Sean O’Hair had a five-shot lead over Tiger Woods at Bay Hill in 2009 and, as the two prepared for the final round, they casually bantered back and forth on the putting green.
“He likes to break my balls,” said a smiling O’Hair, a Philly guy who’s not afraid to give it back.
But by the time O’Hair made bogey on the 10th hole, his lead was gone, as were the frat jokes and friendly jabs about the 76ers.
And the Woods whom O’Hair knew as his buddy was gone, too, replaced by the ruthless killer who had stepped on throats to win 14 majors by the age of 32.
O’Hair got was what every pretender to Woods’ throne used to get on the back nine: an icy stare. Woods wasn’t so much looking at them as he was looking right through them.
"No matter how friendly you are with him, he wants to slit your throat on the golf course," O’Hair would later say.
But that was then — before everything changed for Tiger Woods. He’s not the same now.
And that’s largely a good thing, because as the curtain was raised on his secret life, it was patently obvious that Woods needed to do a lot of growing up. He not only has matured, but has mellowed since the scandal.
He has toned down his anger on the course, makes eye contact and even smiles back at fans. He is much nicer to his rivals, as the bromance with Rory McIlroy shows.
Although it has been good to see Woods evolve as a man, the bitter irony is that it may have come at a price for him as a player.
A month ago, he was asked whether winning still meant as much to him as it once did.
“Losing a parent and having the birth of two kids put things in better perspective for me,” he replied. “The wins are (still) fantastic, but the losses aren’t what they used to be.”
It was the most honest thing I’d heard him say in a long time.
When he was younger, Woods brooded after losses.
He famously would tie a recalcitrant putter or wedge to the back of his golf cart and drive it around as a form of punishment.
Like his friend and mentor, Michael Jordan, Woods was driven by losing, perhaps more than he was sustained by winning.
But that seems like it’s gone. And there’s another piece of the old arsenal missing: Steve Williams.
In their dozen years together, they formed not merely the most successful team in the history of golf but the most intimidating, too. There was nothing friendly about them, which is how Woods liked it.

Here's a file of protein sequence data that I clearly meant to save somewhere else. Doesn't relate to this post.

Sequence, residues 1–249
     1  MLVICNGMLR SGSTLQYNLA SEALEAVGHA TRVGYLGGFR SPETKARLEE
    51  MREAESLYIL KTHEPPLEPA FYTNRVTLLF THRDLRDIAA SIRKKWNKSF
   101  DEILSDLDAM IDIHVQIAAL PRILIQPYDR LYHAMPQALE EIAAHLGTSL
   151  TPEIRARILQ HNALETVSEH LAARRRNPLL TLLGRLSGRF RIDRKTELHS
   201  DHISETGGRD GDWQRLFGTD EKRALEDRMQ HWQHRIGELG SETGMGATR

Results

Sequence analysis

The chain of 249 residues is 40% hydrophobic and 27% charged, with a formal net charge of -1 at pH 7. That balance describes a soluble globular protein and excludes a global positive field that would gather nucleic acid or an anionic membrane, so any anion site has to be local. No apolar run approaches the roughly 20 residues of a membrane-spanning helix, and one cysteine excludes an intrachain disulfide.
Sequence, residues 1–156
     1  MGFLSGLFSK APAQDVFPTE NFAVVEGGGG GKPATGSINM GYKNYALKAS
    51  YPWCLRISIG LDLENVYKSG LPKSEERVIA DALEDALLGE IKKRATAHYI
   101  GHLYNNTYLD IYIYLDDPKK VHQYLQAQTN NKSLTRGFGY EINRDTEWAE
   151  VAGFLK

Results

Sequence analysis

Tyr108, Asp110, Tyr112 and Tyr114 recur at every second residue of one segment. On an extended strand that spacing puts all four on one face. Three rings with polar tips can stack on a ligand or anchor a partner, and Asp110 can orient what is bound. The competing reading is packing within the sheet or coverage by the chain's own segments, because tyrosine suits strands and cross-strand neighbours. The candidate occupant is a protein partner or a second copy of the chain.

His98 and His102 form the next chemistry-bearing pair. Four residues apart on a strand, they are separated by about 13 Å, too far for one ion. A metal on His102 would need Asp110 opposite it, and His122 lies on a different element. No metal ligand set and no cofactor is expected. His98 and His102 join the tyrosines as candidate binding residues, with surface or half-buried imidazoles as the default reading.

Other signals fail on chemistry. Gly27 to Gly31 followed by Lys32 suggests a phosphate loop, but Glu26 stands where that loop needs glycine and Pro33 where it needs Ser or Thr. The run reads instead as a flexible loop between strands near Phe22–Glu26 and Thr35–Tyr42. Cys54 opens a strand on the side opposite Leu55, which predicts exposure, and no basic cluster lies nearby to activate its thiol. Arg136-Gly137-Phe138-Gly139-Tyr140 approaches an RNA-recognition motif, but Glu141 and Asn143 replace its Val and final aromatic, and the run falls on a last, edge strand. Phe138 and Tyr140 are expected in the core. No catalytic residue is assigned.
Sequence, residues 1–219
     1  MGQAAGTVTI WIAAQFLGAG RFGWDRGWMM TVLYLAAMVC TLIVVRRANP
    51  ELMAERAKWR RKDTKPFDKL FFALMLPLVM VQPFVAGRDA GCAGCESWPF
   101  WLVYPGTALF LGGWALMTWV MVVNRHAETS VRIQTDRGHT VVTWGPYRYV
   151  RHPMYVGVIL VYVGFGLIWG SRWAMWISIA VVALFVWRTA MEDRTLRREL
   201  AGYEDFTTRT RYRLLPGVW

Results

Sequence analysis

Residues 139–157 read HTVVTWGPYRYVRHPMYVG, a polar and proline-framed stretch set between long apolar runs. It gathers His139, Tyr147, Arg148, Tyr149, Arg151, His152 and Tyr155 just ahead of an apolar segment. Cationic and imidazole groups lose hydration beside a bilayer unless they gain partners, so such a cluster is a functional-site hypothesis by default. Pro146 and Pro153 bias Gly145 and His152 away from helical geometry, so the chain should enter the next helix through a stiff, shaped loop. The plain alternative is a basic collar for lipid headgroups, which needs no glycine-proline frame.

I thought about the way that dynamics changed earlier this year at Pebble Beach after Phil Mickelson had embarrassed Woods, shooting 64 to his 75 to win the AT&T National Pro-Am.
Woods’ new caddie, Joe LaCava — a well-liked man who’s quick with a smile — is close friends with Mickelson’s caddie, Jim “Bones” Mackay.
The two of them were chatting throughout that Sunday afternoon at Pebble Beach, often with Mickelson joining in. While the three of them looked comfortable, Woods looked lost.
It’s clear that he’s trying to find some balance. But it’s not proving easy.
After his third straight weekend fade at a major — at the PGA Championship — Woods spoke openly about the struggle to find “the right attitude.”
“I came out with probably the wrong attitude yesterday,” he said of his disastrous Saturday round at Kiawah Island. “I was just trying to be a little bit happy out there and enjoy it. But that’s not how I play.
“You know how I am. I play full systems go, all-out, intense, and that’s how I won 14 of these things.”
He said the attempt to enjoy the moment “cost me."
“It was a bad move on my part,” he said.
On Wednesday, during a conference call to promote his World Challenge tournament next month in Southern California — one of only two left on his schedule for the year — I asked Woods about this dilemma.
“I just go out there, and I compete and try and get to the same energy level that I know I need to attain per shot, to hit and execute the shot that I want to hit,” he said.
“Some days it’s easier than others to get to that point.”
But is it more difficult to get there now?
“Some days it’s very easy to turn a round from a 73 or 74 or 75 into a round under par, and other days, it’s a little bit more difficult,” he said.